There hasn’t been a week recently in the village of Kharabaroot, near the northern city of Kirkuk, when extremists from the Islamic State group haven’t tried to attack it.
The village, which is in the district of Al Dibis in the Kirkuk province, is one of a string of towns that the Islamic State, or IS, group managed to wrest control of when they first started to take over parts of Iraq in the middle of 2014. The Iraqi army used to be stationed here but fled in June. Since then the village has changed hands during fighting several times but since late November, Kharabaroot has been back in the hands of the Iraqi Kurdish and their allies. Kharabaroot and surrounding towns are important strategically because if the IS group controls them, they may be able to mount attacks on the Iraqi-Kurdish-controlled city of Kirkuk from here. But if the Iraqi Kurdish control these areas then they, in turn, may be able to mount attacks on the IS group’s strongholds in the Hawija area near Kirkuk.
No doubt this is why attacks on Kharabaroot have been steady and ongoing. Among other reasons this is also why the Iraqi Kurdish forces have nicknamed the village “Kobani” in a tribute to the town in Syria, where a collective of Kurdish forces have been defending the town of Kobani since September 2014.
Just as in Kobani, there are a collective of Kurdish forces defending Kharabaroot. These include Iraqi Kurdish forces known as the Peshmerga as well as Kurdish fighters from Syria and from Iran. The front line is being held by Iranian Kurds from that country’s Kurdistan Freedom Party.
Visiting Kharabaroot it is possible to get very close to the frontlines. At the most, Kurdish fighters are only 800 meters away from the IS fighters’ frontline. The two villages beyond Kharabaroot are controlled by the IS group and snipers fire on the Kurdish positions from there. Occasionally they also lob bombs. The Kurdish forces respond in kind.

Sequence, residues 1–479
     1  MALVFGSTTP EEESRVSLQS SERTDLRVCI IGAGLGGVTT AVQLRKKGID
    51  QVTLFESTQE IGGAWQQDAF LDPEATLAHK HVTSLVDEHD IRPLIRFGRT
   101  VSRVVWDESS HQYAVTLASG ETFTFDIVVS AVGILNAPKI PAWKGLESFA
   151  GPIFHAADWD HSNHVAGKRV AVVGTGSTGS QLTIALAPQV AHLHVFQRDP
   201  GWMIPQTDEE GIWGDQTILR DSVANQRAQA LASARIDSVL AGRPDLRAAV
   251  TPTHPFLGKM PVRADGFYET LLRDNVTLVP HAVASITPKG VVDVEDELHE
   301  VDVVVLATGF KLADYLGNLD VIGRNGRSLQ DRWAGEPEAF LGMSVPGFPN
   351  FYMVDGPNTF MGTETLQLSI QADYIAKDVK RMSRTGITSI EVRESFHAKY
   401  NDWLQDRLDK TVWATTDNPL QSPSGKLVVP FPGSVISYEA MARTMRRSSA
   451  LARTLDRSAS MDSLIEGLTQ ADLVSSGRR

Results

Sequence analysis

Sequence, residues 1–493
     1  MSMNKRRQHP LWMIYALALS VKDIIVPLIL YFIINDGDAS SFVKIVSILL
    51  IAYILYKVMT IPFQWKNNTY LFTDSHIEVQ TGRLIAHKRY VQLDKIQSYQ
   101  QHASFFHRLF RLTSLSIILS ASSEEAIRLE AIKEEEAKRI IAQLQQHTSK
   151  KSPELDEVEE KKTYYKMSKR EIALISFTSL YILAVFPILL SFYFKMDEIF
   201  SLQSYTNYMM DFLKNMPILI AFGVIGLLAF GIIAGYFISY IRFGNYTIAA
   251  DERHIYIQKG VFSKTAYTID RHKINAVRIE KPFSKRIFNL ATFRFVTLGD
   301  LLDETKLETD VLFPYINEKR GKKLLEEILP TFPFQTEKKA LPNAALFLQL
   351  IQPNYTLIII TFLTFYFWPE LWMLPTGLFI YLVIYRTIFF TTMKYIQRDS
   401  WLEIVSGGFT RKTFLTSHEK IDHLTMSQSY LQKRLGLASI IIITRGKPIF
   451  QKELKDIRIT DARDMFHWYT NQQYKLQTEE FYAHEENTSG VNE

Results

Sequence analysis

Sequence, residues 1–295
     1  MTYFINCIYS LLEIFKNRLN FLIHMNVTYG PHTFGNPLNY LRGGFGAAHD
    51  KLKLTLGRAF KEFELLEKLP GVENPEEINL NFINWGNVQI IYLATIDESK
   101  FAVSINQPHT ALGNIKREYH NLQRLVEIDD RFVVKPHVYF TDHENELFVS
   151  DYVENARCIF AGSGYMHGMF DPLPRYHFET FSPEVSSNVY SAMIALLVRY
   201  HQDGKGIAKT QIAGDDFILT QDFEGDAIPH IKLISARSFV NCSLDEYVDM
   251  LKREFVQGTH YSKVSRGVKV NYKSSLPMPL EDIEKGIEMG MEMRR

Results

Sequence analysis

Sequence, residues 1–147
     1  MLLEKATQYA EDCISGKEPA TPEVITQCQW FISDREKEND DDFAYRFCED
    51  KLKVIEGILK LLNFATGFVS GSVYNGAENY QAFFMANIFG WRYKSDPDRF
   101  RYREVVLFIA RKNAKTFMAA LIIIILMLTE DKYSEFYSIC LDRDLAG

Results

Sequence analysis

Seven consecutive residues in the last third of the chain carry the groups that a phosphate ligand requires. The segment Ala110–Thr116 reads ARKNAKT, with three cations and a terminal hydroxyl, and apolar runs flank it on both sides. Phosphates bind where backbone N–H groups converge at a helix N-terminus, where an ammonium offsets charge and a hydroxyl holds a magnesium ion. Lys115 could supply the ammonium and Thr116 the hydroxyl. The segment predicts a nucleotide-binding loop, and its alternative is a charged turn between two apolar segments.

“We now control the highlands around Kharabaroot and we can assure everyone that the city of Kirkuk will not be threatened by the IS fighters from the north west,” says Hussein Yazdanpana, a senior member of the Kurdistan Freedom Party. “We’re very close to the IS group here and we know about all of their movements, every day. Once we get to the next villages – we believe this will be easy – then the road is paved for the liberation of Hawija.”
Hawija is considered one of the IS group’s strongest bases in this area – it was here that peaceful Sunni Muslim protests were violently broken up by the Shiite Muslim-led Iraqi government, resulting in some deaths, which is why Hawija locals welcomed the Sunni Muslim extremist group that drove out the Iraqi army.
But Yazdanpana is confident that what he describes as the “Kobani of Kirkuk” will be the gateway to victory in the Hawija area.
One of the Iraqi Kurdish commanders in the area, Rawal Ali, told NIQASH that the key to their continued pushing back of the IS fighters was due to the union of the different Kurdish forces in the area. “We’ve damaged the militants a lot,” he boasts.
“Weapons sent by the coalition countries have also helped a lot,” Ali noted. “Especially the MILAN missiles [note: European anti-tank guided missiles] supplied by Germany. These are used for medium range targets and have played a huge role in changing the balance of power in favour of the Peshmerga here.”
But not everyone is happy with the Kurdish fighters in this area. As US-based broadcaster, Public Radio International, or PRI, reported recently, some non-Kurdish locals have also accused the Kurdish forces of destroying their houses and making it harder for them to return home.
As the broadcaster reported, one of the Kurdish commanding officers, Kemal Kerkuki, denied this. But at the same time he had “little empathy for the town’s residents”, PRI said.
“From this village they are from [the IS group],” Kerkuki told journalist Susannah George.“They're not allowed to be here.”
Kerkuki also told PRI that, “this entire village pledged loyalty to ISISand allowing civilians back would be the same as ceding territory back to ISIS”.
While NIQASH was in Kharabaroot the different Kurdish forces were preparing for another expected attack by the IS group. The attack never came although the sniper’s bullets kept coming the whole time.
Yazdanpana was watching the IS group’s positions carefully through binoculars. “We want the name of Kharabaroot to be as famous as Kobani’s,” he said. “I have promised our men that we are going to perform such heroic acts here that we will always be remembered – and we will not allow Kirkuk to be endangered by the Islamic State.”